Friday, June 11, 2004

The Cultural Center of the Inter-American Development Bank’s boldly painted gallery walls of red and blue — Haiti’s current national colors — explode the art of “Vive Haiti! Contemporary Art of the Haitian Diaspora” into the visitor’s consciousness.

“Vive Haiti,” celebrating the bicentennial of the French-speaking Caribbean nation’s independence from France, focuses on the work of Haitian artists who fled the country’s modern history of social and political turmoil.

Conflicts and tensions have long existed in the arts and history of Haiti, part of the island of Hispaniola, which became, in 1492, Christopher Columbus’ first foothold in the New World.

Hispaniola remained a Spanish possession — at least nominally — until 1697, when Spain deeded the western third of the island to France, which named its new colony Saint Domingue. Ultimately it became the Republic of Haiti. Under the French, agriculture and trade flourished, and Saint Domingue became the wealthiest French colony in the Americas.

However, its prosperity depended on slavery. Three million West Africans were shipped to Haiti to provide forced labor for cultivating sugar, cocoa, coffee, cotton and indigo.

In “Survivance du Passe I” (Survival from the Past I), Marie-Helene Cauvin, a Haitian native living in Montreal, projects a moving and individual interpretation of the horrific slave shipments. The artist centers what the catalog describes as “the ghost of an African slave submerged knees-to-chest in binding strings of waves, pressed claustrophobically against the foreground of the picture.”

Miss Cauvin also inserts a head instead of a heart into the ghost to show what co-curator Felix Angel characterizes as the ghost’s despair. Flattened against the upper back of the gouache, charcoal and pastel on paper is a slave ship overflowing with prisoners.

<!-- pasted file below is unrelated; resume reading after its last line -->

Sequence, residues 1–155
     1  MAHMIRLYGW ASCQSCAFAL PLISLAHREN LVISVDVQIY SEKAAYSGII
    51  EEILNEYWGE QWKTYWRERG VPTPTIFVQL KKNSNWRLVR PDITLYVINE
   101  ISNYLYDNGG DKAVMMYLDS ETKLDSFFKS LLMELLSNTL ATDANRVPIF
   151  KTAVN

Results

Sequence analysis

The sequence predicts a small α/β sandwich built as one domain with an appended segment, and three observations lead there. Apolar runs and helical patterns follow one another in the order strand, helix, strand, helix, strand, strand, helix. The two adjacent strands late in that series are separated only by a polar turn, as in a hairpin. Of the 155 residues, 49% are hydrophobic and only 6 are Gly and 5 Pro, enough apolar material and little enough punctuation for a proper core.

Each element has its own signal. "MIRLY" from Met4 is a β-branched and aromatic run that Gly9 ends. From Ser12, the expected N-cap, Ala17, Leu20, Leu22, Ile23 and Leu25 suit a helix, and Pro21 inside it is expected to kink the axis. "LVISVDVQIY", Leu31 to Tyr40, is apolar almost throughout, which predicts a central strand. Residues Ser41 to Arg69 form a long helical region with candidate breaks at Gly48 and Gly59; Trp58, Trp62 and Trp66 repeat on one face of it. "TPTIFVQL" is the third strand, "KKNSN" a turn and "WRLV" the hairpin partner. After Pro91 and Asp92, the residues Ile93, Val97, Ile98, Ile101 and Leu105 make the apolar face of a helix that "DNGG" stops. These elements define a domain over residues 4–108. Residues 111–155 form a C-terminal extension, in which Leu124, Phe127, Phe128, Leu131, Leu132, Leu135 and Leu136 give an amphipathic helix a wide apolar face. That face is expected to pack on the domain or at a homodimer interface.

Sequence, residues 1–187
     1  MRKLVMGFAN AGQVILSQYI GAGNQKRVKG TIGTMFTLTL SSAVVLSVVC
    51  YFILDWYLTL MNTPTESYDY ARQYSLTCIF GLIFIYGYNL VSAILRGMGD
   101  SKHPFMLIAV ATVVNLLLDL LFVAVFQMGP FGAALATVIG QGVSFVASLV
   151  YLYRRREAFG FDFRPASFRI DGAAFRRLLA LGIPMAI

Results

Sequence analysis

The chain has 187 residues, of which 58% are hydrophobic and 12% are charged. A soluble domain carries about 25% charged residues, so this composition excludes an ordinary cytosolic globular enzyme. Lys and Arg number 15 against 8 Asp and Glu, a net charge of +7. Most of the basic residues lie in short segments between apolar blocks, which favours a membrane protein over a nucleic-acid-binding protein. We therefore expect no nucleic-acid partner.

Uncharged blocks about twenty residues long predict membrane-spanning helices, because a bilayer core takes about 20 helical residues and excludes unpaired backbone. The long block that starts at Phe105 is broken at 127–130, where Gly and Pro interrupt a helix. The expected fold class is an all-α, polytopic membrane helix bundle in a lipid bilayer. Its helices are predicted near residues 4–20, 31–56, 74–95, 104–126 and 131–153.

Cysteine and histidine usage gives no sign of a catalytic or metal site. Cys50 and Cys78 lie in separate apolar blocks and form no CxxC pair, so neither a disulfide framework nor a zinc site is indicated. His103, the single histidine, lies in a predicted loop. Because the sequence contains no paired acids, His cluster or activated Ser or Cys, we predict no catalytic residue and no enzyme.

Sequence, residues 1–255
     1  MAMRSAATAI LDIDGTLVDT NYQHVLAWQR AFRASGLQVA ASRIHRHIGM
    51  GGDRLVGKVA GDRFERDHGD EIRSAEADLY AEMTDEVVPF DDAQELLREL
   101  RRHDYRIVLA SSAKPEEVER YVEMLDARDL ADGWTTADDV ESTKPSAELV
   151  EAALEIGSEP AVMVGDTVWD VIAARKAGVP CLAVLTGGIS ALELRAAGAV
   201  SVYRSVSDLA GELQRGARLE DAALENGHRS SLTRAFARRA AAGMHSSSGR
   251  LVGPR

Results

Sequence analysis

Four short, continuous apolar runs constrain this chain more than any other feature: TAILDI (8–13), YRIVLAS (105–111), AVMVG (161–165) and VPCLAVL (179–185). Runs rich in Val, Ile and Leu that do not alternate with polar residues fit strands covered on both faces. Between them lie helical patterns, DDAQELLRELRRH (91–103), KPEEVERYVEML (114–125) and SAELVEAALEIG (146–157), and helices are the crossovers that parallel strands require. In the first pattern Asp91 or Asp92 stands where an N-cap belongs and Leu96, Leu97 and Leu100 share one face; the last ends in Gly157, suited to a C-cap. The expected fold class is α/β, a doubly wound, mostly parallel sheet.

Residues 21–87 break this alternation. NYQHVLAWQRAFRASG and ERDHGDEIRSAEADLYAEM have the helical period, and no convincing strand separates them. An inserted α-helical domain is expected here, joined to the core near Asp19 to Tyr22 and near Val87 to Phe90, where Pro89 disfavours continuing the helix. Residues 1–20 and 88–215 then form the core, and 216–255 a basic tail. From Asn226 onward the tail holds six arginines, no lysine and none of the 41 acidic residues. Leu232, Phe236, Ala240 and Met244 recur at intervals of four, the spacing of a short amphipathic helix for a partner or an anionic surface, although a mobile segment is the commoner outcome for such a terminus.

Miss Cauvin portrays both past and present Haitian experiences. In “No Man’s Land” the emigre artist symbolically depicts the impossibility of repatriation. She places in a cage at right the figure who would return. Beyond, and obviously impenetrable, is a field with spikes and a grimacing guardian figure with a sword.

In 1791, led by Toussaint L’Ouverture, Haitian slaves rebelled. To honor this historical event, the exhibit includes Edouard Duval-Carrie’s wonderful “Le General Toussaint Enfume” (General Toussaint Enshrouded in Smoke). And later Jean-Jacques Dessalines took over the revolt against their European masters. Their Haitian voodoo priests consulted their oracle and told the fighters how to win the battle. It must have worked, because Haiti became the first republic to be led by a man of African descent, Dessalines.

Although voodoo has gotten a bad name as sexually permissive and barbaric, it is an intense combination of African and Roman Catholic beliefs and forms. Followers of voodoo (derived from the African word “vodun,” meaning spirit) believe the universe is one.

The late voodoo priest Pierrot Barra created the vividly colored and textured “Cousin or Papa Zaka, or Azaka” (“Kouzen, Papa Zaka, Azaka”) figure at the exhibit’s entrance. The “Cousin” is an amusing figure with outsized hands and head covered with beads and sequins imported from Africa.

An important Haitian art form is the ritual voodoo flag, called “drapo veve” in Creole, and revered in Haiti and the Haitian Diaspora as a unique blend of African and French cultures. As associate exhibition curator Francine Farr writes in the catalog, “Drapo veve have [sic] military and religious associations derived from a variety of sources, such as Fon royal banners; Yoruba beadwork; Catholic processional banners; and Masonic flags, aprons and tapestries.” These glittering flags are characteristic of the work of Yves Telemak and his protege, Mireille Delice.

At first glance, African voodoo arts and those of European Roman Catholicism couldn’t be more different. Yet, like the blues and reds of the exhibit’s walls and the Haitian flag, they can be melded for extremely beautiful, individualistic works of art.

Don’t miss this serious, but also humorous, show.

WHAT: “Vive Haiti! Contemporary Art of the Haitian Diaspora”

WHERE: Cultural Center of the Inter-American Development Bank, 1300 New York Ave. NW

WHEN: 11 a.m. to 6 p.m. Mondays through Fridays through Aug. 6


PHONE: 202/623-3794

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